Friday, September 05, 2008

9/5/08 The Policy

Katrina's hair is getting just long enough for ponytails, and to my amazement, she was very cooperative about my fumbling to put them in this morning.

Bye-bye baby, I'll see you Sunday!

I picked Gabriel up directly from school today, Julian in tow, to leave straight for camping. Or so I thought. Gabriel's school has implemented a new policy in which parents can no longer pick up their kids from outside the classrooms, all of which open to the outside, no indoor hallways. Instead, now we're supposed to wait behind a blue line painted in a corridor between two buildings, and the kids are supposed to funnel up this corridor to find us. This wide-open campus is now a closed.

It was a disaster. We were all packed together in 100 degree heat, under these metal roofs radiating yet more heat. The children were supposed to find their parents in this crowd, and then somehow get through it to get out.

5 minutes after school had closed, I broke ranks with some other parents to go to Gabriel's classroom to find him. Empty. About 6 other moms arrived to find the same, and we were all very annoyed. Where are our kids now? There are many ways out of the school, you can't expect them all to go up this one corridor. Incredibly, this mayhem is intended to ensure the safety of students.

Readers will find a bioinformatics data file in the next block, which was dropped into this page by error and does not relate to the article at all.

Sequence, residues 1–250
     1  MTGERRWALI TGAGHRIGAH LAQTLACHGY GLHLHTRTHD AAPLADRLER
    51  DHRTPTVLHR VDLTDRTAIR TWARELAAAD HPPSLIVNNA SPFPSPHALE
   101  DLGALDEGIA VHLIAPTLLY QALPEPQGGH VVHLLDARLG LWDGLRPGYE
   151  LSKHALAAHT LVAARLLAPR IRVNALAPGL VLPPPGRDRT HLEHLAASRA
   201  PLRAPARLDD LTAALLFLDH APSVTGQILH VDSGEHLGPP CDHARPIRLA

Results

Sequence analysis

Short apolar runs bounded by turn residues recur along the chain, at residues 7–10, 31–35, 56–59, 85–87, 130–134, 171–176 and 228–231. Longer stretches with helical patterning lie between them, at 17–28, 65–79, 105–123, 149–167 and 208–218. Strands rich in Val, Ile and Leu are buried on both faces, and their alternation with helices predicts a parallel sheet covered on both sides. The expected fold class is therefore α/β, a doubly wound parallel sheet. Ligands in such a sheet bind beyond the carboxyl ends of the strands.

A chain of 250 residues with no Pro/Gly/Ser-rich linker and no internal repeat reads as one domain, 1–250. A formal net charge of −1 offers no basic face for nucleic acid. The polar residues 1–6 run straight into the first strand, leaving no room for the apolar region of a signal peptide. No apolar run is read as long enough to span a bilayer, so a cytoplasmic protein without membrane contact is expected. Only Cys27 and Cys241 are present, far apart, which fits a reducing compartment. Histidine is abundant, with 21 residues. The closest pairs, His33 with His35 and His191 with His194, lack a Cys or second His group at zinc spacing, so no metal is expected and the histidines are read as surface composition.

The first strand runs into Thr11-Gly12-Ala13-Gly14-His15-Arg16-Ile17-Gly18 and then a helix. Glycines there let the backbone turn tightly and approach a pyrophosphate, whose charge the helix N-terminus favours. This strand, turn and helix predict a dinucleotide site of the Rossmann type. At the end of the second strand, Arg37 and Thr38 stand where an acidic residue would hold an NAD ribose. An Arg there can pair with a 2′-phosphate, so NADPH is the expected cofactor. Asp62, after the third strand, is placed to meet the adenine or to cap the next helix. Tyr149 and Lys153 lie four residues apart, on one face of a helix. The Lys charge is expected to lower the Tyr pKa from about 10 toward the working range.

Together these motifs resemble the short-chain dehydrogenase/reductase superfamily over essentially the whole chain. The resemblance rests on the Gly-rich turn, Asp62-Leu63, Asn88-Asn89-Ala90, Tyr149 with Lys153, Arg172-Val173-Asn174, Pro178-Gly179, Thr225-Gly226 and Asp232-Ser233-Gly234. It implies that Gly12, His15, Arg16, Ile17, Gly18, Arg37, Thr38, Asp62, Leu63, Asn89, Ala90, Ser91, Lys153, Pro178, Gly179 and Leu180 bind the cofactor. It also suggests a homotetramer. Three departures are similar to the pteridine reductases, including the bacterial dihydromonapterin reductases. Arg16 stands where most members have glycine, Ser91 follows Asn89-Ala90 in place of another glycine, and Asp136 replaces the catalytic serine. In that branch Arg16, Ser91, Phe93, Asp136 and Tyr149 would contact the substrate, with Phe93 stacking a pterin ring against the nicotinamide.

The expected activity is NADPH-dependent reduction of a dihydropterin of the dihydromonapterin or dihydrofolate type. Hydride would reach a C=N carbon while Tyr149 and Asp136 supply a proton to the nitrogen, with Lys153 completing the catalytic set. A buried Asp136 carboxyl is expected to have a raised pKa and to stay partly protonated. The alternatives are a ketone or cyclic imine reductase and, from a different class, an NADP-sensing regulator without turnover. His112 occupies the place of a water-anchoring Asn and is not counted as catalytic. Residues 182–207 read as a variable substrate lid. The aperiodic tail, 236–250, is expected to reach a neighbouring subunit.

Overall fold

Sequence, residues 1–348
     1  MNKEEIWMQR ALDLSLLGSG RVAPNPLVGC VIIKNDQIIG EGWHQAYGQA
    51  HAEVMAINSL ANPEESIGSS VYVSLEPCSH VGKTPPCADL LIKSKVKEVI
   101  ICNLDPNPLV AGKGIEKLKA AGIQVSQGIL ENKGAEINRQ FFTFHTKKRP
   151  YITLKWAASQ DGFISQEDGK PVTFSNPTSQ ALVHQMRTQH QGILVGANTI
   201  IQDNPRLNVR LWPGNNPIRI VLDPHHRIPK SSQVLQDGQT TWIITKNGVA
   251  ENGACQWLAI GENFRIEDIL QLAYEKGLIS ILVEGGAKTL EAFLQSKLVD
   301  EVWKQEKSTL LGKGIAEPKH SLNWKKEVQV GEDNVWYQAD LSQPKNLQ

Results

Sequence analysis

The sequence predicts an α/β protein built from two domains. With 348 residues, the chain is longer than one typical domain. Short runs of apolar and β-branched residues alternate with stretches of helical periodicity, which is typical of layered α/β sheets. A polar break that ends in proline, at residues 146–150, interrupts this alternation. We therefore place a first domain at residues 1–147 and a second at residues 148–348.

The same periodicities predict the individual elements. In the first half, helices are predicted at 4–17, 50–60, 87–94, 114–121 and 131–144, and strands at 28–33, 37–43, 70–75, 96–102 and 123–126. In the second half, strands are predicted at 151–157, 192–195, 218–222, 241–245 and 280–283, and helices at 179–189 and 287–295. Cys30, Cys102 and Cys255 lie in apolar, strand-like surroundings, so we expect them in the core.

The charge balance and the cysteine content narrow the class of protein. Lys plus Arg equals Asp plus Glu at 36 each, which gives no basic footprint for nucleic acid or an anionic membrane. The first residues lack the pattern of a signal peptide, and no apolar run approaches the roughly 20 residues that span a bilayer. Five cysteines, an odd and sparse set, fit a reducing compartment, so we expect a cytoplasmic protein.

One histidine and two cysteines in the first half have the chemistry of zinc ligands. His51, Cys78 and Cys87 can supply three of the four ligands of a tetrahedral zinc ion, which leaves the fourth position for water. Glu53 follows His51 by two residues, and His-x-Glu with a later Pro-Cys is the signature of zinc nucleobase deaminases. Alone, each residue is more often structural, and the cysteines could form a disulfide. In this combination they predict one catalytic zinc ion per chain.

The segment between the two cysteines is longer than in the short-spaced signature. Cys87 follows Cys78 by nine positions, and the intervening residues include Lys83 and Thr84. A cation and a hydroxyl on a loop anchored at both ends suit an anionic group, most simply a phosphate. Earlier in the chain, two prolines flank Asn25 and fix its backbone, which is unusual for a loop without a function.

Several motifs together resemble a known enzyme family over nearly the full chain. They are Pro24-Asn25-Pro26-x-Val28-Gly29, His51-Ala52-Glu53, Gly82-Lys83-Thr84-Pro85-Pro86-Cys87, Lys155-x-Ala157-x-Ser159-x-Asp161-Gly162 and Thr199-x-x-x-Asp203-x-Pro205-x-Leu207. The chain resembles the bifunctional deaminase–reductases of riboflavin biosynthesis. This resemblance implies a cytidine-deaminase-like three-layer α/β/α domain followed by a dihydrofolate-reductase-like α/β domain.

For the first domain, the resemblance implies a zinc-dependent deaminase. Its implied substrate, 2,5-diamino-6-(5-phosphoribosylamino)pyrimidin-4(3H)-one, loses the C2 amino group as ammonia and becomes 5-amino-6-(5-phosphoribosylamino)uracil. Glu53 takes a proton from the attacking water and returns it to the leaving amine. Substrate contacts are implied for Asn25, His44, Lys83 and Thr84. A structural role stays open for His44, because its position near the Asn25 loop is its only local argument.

At least I knew where Gabriel was: at the CDC. He'd made his way there behind the buildings, and was sitting comfortably in air-conditioning munching on graham crackers while Julian and I sweated under the roofs, sheepishly following this unfriendly policy. And we don't know where the boundaries are. Gabriel's classroom opens right onto a paved playground, bordered by a field and then a public park. There are no fences there. Or blue lines intended to herd back those most annoying of customers -- parents.

But what bothers me the most is missing the opportunity for informal exchanges with other parents outside the classroom, seeing Gabriel's friends and classmates, peeking inside his classroom, chatting briefly with the teacher, and generally feeling a little more connected to his schooling.

After losing 20 minutes to this fiasco, I packed the boys into the car, blasted the A/C, and we were on our way south to camp. We watched my car's outdoor thermometer rise to 103 as we started into the mountains, then as we approached the coast, it started dropped. When we arrived at the campsite, it had dropped to an astounding 68 -- a total of a 35-degree drop in under an hour. I set up camp in fog, long pants and long sleeves.

And so we spent the weekend camping along the coast.


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